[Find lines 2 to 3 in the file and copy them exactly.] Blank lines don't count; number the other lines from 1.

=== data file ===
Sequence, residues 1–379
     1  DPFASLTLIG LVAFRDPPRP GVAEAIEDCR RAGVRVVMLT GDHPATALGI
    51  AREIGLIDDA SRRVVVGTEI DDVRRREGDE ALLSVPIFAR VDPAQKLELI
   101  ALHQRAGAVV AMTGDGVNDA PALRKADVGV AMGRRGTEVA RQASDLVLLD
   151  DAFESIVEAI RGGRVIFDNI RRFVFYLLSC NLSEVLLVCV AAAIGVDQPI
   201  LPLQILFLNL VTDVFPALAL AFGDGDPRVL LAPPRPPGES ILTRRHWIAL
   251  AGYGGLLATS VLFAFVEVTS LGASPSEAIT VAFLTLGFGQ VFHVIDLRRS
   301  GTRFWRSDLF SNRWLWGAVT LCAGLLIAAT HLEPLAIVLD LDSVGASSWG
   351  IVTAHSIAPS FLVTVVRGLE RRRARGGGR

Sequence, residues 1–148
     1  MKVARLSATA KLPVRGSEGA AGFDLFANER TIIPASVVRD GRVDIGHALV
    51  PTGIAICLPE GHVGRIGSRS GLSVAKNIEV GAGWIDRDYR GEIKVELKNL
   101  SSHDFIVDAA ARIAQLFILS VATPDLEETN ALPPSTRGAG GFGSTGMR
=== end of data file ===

     1  DPFASLTLIG LVAFRDPPRP GVAEAIEDCR RAGVRVVMLT GDHPATALGI
    51  AREIGLIDDA SRRVVVGTEI DDVRRREGDE ALLSVPIFAR VDPAQKLELI